Shin Kori nuclear power plant in Gori, Busan, South Korea, is being expanded with the addition of two new units, each with a capacity of 1400MW.

Korea Hydro & Nuclear Power (KHNP) owns and operates the nuclear power plant. The company applied for a permit to construct two new reactors, units five and six (Shin-Kori 5 and Shin-Kori 6), at Ulju-gun, Ulsan, in September 2012. The Nuclear Safety and Security Commission (NSSC) approved the application in January 2014.

The construction of Shin-Kori 5 started in April 2017, while that of Shin-Kori 6 began in September 2018. The two reactors are expected to enter commercial operation in March 2021 and March 2022 respectively.

KEPCO and KHNP submitted an application with the US Nuclear Regulatory Commission (NRC) for standard design certification of the reactor in September 2013. Valid for a period of 15 years, the approval was awarded in September 2018.

Shin Kori nuclear power plant expansion details

The Shin Kori units five and six will be equipped with Korea Electric Power Corporation’s (KEPCO) APR1400, a 4,000MWt pressurised light water reactor. The APR1400 is a next-generation nuclear power plant with a design lifetime of 60 years. The standard design of the reactor is built to withstand earthquakes up to the safe shutdown earthquake (SSE) of 0.3g.

The auxiliary building is designed with quadrant layout method to protect the structures from external shocks such as earthquake, fire and flood.

APR1400 nuclear reactor details

The APR1400 reactor core will generate 3,987MW of thermal power with an average volumetric power density of 100.9W/cm3. The nuclear reactor core measures 381cm in height and 365cm in diameter. It includes 241 fuel assemblies with fuel rods. Fuelled by uranium dioxide (UO₂) pellets, the reactor core features 93 control element assemblies. The operating cycle of the reactor core is estimated to be 18 months.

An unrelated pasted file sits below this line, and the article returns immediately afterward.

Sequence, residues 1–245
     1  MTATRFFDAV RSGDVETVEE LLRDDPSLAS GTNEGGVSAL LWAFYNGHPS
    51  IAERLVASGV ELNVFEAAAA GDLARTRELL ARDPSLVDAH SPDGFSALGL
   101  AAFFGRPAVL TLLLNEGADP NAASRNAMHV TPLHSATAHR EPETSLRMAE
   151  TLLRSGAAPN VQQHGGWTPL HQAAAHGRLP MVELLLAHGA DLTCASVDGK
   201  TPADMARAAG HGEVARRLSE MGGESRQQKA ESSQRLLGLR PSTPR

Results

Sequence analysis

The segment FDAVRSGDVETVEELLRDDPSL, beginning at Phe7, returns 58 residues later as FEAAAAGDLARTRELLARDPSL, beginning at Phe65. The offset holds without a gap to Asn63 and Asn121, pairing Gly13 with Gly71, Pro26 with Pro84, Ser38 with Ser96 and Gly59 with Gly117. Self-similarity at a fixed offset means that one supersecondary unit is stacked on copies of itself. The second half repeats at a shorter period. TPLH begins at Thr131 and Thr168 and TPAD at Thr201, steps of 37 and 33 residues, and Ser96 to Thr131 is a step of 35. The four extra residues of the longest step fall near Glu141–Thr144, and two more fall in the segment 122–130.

"Shin Kori nuclear power plant in Gori, Busan, South Korea, is being expanded with the addition of two new units, each with a capacity of 1400MW."

The 1,463cm-tall reactor pressure vessel is fabricated from ring-forged shells and is designed to withstand high pressure, radiation and temperature. The wall of the cylindrical shell of the vessel has a minimum thickness of 23cm, while the inner diameter is 462.92cm.

The containment building measures 76.4m-high and is designed as a pre-stressed cylindrical concrete structure with a steel liner. The design also includes auxiliary, compound and turbine buildings. The single-stage, centrifugal coolant pump of the reactor will operate at the speed of 1,190rpm.

The reactor features six-flow tandem compound turbines with 52in last-stage blades and a turbine speed of 1,800rpm. The vertical U-tube steam generator with integral economiser operates at a primary operating pressure of 158.2kg/cm² with a maximum moisture content of 0.25%.

Shin Kori nuclear power plant background

The Kori Nuclear Power Complex contains seven operational nuclear reactors. The first four units are designated as Kori 1, Kori 2, Kori 3 and Kori 4. The ageing 576MW Kori 1 unit, which started operations in April 1978, was the first Korean nuclear power plant. It was decommissioned due to safety concerns in June 2017.

The Kori 2 unit has a capacity of 650MW, while Kori 3 and Kori 4 units have a capacity of 950MW each. The three reactors and the 1,000MW fourth and fifth operational units (Shin Kori 1 and 2) are located in Gijang-gun, Busan. Shin Kori 3 and 4 are the first nuclear power plants to use the APR1400 reactor.

The sixth and seventh units (Shin Kori 3 and 4) of the Shin Kori nuclear power plant are located in Ulju-gun, Ulsan, and have a capacity of 1400MW each. The two units were commissioned into service in 2016 and 2019 respectively.

Contractors involved in the plant expansion

A consortium of Samsung C&T, Doosan, and Hanhwa Construction received a $1bn contract for the construction of the Shin Kori units five and six in 2015.

Russian nuclear energy firm Rosatom’s subsidiary RASU entered an agreement with Doosan to cooperate on the supply of automated radiation monitoring systems (ARMS) and ion flux sensors for South Korean nuclear power plants, including Shin-Kori 5 and Shin-Kori 6.

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